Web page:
How 49ers created over $14 million in salary cap space for 2024

The Niners have been wizards at engineering cap space each year, but will those efforts eventually come back to haunt them?

San Francisco 49ers general manager John Lynch
San Francisco 49ers general manager John Lynch / Christian Petersen/GettyImages

The 49ers were projected to be significantly over the 2024 NFL salary cap but managed to free up more than $14 million by a series of moves.

In the final weeks counting down to the start of the 2024 NFL new year, general manager John Lynch and the San Francisco 49ers were hovering just above the $255.4 million salary cap.

A substantial increase in cap space from 2023 certainly helped, but it didn't change the fact that the Niners boast plenty of top-dollar contracts for high-profile players; the result of boasting a veteran team with nothing short of Super Bowl aspirations.

Yet San Francisco has made a yearly habit of generating more cap space each offseason by way of extensions, restructures and even cap casualties. From a few million over the cap, then to just a few hundred thousand over, the 49ers currently sit at $14.7 million under the cap, according to the contracts-tracking website, Over the Cap.

Of note, only the top 51 contracts count at this time of the year, meaning plenty of bottom-level contracts won't factor into cap space.

How did the Niners get here?

What did the 49ers do to create more NFL salary cap space in 2024?

There are two key roster transactions that helped San Francisco create more cap space, releasing cornerback Isaiah Oliver, which generated $2.4 million in space the 49ers could use right away, and the surprise release of defensive tackle and team captain Arik Armstead.

In Armstead's case, a post-June 1 designation will free up $18 million more in space at that date. While the Niners can't use that money now, it will help Lynch and Co. sign the team's 2024 NFL Draft class, particularly the early picks.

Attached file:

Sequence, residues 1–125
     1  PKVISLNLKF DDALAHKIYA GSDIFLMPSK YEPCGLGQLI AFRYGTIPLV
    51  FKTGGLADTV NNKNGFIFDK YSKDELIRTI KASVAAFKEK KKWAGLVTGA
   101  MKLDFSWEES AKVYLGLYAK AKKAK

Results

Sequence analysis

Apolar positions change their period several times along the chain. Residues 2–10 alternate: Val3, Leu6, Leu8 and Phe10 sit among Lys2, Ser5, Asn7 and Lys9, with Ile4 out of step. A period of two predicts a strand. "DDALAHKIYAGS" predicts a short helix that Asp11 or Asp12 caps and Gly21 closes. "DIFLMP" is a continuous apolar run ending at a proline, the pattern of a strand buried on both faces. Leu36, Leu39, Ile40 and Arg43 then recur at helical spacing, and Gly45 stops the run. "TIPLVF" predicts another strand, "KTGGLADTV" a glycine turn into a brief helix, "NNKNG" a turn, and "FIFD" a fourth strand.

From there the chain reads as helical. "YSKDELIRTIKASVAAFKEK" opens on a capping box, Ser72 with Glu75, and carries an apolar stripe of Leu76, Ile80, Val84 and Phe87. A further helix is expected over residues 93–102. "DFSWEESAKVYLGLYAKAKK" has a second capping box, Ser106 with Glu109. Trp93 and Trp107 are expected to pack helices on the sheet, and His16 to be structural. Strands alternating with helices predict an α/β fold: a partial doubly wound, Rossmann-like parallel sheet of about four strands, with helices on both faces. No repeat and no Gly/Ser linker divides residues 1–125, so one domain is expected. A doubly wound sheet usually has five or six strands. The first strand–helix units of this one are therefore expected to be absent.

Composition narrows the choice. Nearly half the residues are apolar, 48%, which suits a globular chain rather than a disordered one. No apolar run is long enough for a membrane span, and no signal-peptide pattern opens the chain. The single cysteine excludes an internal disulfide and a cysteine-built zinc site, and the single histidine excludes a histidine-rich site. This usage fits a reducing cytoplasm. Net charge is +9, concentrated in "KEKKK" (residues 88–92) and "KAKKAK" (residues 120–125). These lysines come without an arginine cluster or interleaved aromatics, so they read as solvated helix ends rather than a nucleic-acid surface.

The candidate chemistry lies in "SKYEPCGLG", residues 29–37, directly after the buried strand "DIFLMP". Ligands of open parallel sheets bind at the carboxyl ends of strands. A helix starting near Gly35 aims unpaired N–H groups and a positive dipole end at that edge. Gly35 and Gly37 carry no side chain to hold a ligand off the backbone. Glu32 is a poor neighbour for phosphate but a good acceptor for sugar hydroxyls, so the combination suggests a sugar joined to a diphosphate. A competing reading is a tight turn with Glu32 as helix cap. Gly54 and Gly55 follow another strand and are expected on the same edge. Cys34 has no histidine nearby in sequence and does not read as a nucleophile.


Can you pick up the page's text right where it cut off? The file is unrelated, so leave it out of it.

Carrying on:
But those two deals, paired with the many free-agent departures San Francisco lost, wasn't going to be enough to onboard the new free-agent class that recently onboarded. There were other moves the 49ers needed to engineer to free up space needed now.

A favorite strategy by the Niners is to restructure player contracts, and linebacker Fred Warner, tight end George Kittle and defensive tackle Javon Hargrave were among those whose deals were restructured:

"We always look at the cap for three years out,” Lynch said last season, via NBC Sports Bay Area. “Obviously, we have all that room this year. But really it’s to create room for future years because we roll everything over. It helps us in future years because it creates some room we’re going to need.”

While this is ideal now, are there potential issues that San Francisco is merely putting off until later?

What risks do 49ers have by restructuring contracts?

Moves like these reinforce the notion that the 49ers are in it to win a Super Bowl now, spreading out the cap hits into future seasons, often by creating void years on the back end of deals.

It'll also be a bigger challenge to address once quarterback Brock Purdy becomes eligible for what'll be a massive contract extension, and that will cut into the Niners' cap space in 2025 and beyond by a significant amount.

One thing San Francisco is banking on is the steady rise of the salary cap on a year-to-year basis, a trend that saw a rare anomaly in 2020 when the cap fell because of the pandemic. Those offset cap hits for restructured player deals won't be as substantial in two or three years if the cap continues to rise.

According to OTC's estimate, it'll be $260 million in 2025 and $284 million in 2026.

Delaying player payouts may not be anywhere near as substantial at that point in the future, allowing the 49ers to take advantage now.

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